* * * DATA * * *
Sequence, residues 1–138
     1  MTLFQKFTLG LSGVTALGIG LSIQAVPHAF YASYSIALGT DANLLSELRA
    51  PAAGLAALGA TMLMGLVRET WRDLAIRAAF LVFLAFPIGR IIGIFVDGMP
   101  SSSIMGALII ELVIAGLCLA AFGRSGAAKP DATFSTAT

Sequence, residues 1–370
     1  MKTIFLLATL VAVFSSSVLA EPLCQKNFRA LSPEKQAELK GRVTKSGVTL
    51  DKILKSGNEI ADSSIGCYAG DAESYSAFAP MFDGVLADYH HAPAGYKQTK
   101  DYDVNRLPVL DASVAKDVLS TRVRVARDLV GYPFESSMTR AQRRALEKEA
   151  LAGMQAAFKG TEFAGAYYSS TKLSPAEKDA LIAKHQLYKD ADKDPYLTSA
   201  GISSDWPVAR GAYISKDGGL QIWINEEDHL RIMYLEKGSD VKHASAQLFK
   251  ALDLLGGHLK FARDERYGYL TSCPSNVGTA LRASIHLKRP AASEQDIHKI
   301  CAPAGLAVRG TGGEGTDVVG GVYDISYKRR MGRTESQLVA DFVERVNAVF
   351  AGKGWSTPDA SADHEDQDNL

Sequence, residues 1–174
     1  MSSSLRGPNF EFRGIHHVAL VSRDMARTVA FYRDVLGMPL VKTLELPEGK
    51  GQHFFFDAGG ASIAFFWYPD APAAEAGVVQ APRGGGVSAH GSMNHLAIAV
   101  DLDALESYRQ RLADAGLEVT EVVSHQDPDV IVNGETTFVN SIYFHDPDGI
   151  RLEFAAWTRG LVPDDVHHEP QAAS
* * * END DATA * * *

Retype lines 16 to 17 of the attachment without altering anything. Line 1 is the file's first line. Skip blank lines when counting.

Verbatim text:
    51  GQHFFFDAGG ASIAFFWYPD APAAEAGVVQ APRGGGVSAH GSMNHLAIAV
   101  DLDALESYRQ RLADAGLEVT EVVSHQDPDV IVNGETTFVN SIYFHDPDGI